of redistribution and justice, again speaking broadly, could be rearticulated as ideals of formal, but not substantive, equality.”27 Cinema was formidably placed to contribute to this rearticulation. Along with powerful corporate communicators and lobbyists such as Jack Valenti and Charlton Heston who fomented neoconservative “color-blind” language and incipient new-right “reverse-discrimination” discourses and legal actions by labor organizations such as the Group for Union Equality, cinema could mobilize striking racialized “screen speaks for itself” filmic stories. As this book has suggested, although films such as The Godfather and Dirty Harry are customarily understood as the signal texts of white backlash in the late 1960s and 1970s, an equally far-reaching and usually ignored story may be the soft white revival represented in film projects by Norman Jewison, Paul Schrader, and others. Hollywood was thus a potent player in the national shift toward a rearticulated politics of civil rights incorporation, and through this embrace it detoxified and rehabilitated the racial image of its predominantly white workforce and owners. From the racial embarrassment, defensiveness, and ignorance displayed at the public hearing in 1969, Hollywood transformed its image into one of expansive neoliberal multiculturalism—in which white men “naturally” rose to the top—with little reform of its institutions and hiring practices. The corporate resurgence in the U.S. film industry in the 1970s led to financial growth and profits that were not enjoyed by most of its workers. Indeed, the new Hollywood consensus was marked by a growing divergence between film’s core, shrinking prestige workforce and a mushrooming peripheral labor pool.28 Core workers, made up overwhelmingly of white men, managed mainly to maintain their pay, conditions, and seniority structures, assiduously policing the labor supply through cruel and tokenistic workplace practices at moments when minority hiring and training initiatives showed up. By contrast, the peripheral pool of workers, starting in the mid-1970s, were typically un-unionized, precariously positioned, and much more racially diverse.29 Within cinema’s seemingly liberal yet overwhelmingly white hierarchies of creative labor, affirmative-action measures were largely avoided and rejected as antithetical to the ideals of individualism, market-based opportunity, and what has come to be called “color-blind meritocracy”— “color-blindness in theory, but race discrimination in practice,” as the communications scholar Christopher Boulton explains in his insightful account of racial politics in the comparable U.S. advertising industry.30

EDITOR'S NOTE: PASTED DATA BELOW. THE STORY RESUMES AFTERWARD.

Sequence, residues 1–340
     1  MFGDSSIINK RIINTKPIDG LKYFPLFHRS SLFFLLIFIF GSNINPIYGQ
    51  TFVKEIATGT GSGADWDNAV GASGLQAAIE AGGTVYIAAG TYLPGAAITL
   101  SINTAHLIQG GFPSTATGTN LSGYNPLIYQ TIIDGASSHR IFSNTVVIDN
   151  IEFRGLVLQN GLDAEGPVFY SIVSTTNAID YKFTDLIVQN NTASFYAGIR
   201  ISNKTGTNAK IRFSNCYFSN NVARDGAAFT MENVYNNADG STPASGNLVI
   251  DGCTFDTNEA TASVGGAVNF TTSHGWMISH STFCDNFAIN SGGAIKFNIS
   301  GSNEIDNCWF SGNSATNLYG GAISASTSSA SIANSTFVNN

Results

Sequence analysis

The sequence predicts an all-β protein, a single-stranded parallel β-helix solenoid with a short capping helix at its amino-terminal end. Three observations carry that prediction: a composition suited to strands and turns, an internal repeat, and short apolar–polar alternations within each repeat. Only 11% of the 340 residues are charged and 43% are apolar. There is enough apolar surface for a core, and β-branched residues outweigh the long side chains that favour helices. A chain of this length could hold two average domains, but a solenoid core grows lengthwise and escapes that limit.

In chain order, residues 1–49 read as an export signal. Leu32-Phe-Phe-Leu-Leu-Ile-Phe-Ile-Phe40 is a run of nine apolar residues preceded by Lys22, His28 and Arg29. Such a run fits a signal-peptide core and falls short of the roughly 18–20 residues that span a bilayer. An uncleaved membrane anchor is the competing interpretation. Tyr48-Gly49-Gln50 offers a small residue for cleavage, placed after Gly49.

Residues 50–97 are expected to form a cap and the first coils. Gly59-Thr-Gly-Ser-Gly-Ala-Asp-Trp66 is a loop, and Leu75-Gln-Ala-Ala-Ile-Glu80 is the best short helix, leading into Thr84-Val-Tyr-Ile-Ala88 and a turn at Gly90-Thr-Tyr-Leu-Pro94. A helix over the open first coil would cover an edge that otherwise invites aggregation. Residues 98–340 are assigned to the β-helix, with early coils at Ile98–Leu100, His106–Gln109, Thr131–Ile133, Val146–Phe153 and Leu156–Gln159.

This book has suggested that scholars need to be vigilant not to reproduce color-blind assumptions that can lead to the neglect of racial power relations in film-production studies. I believe color-blind assumptions help explain the “alarming” lack of research in the subfield of race and cultural production, identified by David Hesmondhalgh and Anamik Saha.31 This book insists that the examination of race in the film industry must include a much closer look at white identity politics to uncover the complexity of how morphing white supremacy has been reinforced and contested in cinema. It has always been in the interests of the film industry’s liberal retreatists and new conservatives to focus attention on “divisive” black-power radicals (the Nat Turner agitators), on “exceptional” black creative workers, on “unfair” affirmative-action policies, and on “ignorant” hard-hat white film technicians. All of these defenses have deflected from the Hollywood elite’s own quiet but momentous move to retain and grow its race/class interests. My account, drawing on the work of many others, has tried to deconstruct some of these reasonable-sounding, white-normalizing Hollywood narratives.